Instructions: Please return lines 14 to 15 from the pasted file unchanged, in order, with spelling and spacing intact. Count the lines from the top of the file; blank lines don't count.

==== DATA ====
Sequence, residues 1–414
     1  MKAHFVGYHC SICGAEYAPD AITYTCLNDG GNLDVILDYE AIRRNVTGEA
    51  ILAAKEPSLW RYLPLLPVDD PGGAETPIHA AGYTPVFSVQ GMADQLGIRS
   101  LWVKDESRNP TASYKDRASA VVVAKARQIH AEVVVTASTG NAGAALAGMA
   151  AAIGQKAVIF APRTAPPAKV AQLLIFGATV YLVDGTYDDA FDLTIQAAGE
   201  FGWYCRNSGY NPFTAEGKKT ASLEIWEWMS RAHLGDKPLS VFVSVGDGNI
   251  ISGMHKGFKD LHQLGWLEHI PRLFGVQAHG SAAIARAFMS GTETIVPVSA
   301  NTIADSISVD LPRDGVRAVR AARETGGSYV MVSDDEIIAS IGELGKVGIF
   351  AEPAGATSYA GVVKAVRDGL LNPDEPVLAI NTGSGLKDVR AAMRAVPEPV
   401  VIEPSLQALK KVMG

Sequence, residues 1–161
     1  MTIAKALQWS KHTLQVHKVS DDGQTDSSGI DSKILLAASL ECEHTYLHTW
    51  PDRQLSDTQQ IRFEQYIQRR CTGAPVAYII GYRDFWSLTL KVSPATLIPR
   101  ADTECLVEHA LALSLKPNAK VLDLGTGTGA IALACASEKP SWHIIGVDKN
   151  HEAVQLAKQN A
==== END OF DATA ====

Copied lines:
   101  ADTECLVEHA LALSLKPNAK VLDLGTGTGA IALACASEKP SWHIIGVDKN
   151  HEAVQLAKQN A